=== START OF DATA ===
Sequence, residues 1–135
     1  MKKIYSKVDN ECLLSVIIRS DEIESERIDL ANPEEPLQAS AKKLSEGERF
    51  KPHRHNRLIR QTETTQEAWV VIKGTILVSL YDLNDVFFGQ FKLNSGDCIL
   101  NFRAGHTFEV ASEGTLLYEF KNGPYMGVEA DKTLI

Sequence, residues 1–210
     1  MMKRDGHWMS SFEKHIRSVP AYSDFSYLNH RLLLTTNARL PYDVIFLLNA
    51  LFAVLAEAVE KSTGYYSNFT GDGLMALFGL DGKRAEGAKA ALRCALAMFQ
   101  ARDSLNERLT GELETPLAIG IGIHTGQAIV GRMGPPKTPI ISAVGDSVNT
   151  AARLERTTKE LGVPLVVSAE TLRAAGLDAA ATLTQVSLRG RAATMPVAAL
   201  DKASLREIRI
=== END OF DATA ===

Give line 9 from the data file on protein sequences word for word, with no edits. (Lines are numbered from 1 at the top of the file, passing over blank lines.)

   151  AARLERTTKE LGVPLVVSAE TLRAAGLDAA ATLTQVSLRG RAATMPVAAL